This blog takes you behind the scenes of the writing of an academic history book – like a ‘making of’ featurette. Its aim is to make visible the traditionally invisible process of what it’s like for a university academic in the Humanities to write a research monograph, i.e. a single-authored 100,00 word book.

I’m a History Fellow at Somerville College, Oxford, and the book I’m writing has a working title of The Elusive Church: Luther, Poland and the Early Reformation. This project is supported by a British Academy Mid Career Fellowship (2012-13).

On these pages, you'll find a regular 'log' of how the book is progressing, plus information about the project. I welcome your comments and thoughts - whether you're studying or teaching history at school or university, or writing non-fiction yourself...

Friday, 1 June 2012

The Book Writing Rules

[April 2012]
In March 2012, I learnt the wonderful news that I’d been awarded a British Academy Mid-Career Fellowship of £101,000, in order to give me a year’s research leave in which to finish writing Elusive Church.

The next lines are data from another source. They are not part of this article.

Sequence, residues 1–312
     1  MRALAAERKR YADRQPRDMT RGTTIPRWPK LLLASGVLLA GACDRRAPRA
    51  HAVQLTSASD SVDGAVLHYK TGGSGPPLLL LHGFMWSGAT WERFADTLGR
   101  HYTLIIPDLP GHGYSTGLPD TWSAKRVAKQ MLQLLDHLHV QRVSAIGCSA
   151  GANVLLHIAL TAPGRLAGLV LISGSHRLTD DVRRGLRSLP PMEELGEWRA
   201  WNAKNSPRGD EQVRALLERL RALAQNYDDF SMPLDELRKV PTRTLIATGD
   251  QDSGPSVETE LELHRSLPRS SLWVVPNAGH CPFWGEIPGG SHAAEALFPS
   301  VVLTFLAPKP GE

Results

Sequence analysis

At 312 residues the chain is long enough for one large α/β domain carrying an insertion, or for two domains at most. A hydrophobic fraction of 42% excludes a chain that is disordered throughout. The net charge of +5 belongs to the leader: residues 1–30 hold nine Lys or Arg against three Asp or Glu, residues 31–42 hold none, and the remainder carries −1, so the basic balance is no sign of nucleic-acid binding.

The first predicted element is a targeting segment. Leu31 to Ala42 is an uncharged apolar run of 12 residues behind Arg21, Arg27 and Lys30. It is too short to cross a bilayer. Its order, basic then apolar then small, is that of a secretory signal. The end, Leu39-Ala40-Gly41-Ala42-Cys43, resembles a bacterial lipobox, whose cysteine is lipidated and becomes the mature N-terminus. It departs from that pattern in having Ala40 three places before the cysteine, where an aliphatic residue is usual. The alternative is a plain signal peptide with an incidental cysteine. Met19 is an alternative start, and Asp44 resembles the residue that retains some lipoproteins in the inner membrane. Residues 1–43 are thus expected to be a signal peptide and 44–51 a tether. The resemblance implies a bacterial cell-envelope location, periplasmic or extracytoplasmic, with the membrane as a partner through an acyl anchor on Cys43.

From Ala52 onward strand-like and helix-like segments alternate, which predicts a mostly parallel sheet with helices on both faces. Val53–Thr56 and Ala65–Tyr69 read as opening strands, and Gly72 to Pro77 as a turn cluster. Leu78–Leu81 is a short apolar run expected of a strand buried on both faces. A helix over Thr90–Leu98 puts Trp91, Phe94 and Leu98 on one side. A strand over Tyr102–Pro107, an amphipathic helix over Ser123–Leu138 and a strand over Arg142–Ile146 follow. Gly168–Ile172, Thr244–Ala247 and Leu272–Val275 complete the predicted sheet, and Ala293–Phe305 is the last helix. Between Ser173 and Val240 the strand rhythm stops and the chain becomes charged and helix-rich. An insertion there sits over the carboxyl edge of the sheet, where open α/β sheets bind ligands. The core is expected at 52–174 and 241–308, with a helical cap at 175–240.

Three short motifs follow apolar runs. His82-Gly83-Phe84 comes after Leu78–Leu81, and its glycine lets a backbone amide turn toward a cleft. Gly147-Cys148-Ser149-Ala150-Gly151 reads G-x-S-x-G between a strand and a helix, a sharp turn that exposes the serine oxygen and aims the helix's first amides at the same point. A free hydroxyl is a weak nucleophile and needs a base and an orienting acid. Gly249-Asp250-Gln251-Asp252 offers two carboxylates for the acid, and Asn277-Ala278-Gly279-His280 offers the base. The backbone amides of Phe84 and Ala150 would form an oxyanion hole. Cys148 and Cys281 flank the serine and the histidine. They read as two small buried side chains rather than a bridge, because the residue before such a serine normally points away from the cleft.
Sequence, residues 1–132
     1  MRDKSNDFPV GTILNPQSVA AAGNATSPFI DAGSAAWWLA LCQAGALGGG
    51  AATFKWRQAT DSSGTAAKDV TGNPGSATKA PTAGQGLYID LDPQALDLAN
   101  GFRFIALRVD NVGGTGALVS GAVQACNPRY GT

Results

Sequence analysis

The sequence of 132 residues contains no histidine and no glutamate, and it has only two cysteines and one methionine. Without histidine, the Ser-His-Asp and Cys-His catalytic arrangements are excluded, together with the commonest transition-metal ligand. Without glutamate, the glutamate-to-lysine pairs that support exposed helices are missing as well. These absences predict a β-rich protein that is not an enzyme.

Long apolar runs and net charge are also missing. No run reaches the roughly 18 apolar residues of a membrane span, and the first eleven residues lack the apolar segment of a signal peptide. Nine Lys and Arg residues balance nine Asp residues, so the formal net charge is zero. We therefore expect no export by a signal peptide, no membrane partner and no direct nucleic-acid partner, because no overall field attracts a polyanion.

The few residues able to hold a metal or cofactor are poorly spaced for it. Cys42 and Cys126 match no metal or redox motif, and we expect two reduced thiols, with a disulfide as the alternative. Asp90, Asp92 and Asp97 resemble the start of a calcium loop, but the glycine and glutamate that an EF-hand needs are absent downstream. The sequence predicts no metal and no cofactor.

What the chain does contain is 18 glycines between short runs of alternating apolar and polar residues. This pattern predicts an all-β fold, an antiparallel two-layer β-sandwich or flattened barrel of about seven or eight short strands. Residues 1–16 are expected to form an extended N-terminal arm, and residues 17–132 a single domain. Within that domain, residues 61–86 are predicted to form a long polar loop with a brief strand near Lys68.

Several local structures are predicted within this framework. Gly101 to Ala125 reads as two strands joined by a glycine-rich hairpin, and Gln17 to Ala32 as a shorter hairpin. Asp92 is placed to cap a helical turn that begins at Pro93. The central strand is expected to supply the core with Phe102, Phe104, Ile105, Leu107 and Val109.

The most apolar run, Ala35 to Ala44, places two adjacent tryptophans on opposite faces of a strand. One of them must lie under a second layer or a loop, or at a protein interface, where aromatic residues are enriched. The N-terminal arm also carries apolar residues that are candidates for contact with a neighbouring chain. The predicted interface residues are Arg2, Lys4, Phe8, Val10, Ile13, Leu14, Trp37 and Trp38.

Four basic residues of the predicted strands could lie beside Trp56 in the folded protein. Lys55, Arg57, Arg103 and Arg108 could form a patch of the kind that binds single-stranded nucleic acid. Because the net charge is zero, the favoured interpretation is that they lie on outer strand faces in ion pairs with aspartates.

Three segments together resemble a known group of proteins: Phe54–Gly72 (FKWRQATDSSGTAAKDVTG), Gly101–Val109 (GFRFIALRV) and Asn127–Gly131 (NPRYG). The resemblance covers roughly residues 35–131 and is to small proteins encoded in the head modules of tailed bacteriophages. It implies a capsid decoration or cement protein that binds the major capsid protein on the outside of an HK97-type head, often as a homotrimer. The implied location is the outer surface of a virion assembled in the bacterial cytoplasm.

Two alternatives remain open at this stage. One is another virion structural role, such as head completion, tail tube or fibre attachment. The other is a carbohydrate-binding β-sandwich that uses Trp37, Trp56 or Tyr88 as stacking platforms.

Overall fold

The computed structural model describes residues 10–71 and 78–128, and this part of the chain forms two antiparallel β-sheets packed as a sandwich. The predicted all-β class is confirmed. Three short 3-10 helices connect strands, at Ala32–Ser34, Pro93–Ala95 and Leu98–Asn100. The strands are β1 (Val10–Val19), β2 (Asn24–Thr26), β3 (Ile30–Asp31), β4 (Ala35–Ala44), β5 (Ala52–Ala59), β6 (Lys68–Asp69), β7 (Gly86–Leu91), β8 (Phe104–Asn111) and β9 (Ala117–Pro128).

This means that I now have an eighteenth-month stretch of writing time stretching out ahead of me – a great privilege in a busy academic job, a source of real excitement, a big responsibility, and also a rather daunting prospect. Writing a complete monograph on an extended period of leave is the intellectual equivalent of a marathon. One of the big challenges is keeping your mind clear and your spirits up, so that you can write well and at the necessary pace. I’m trying to learn from some of the big mistakes I made when writing my first book, so I’ve written myself 7 rules for book-writing, and put them prominently on a shelf next to my desk.

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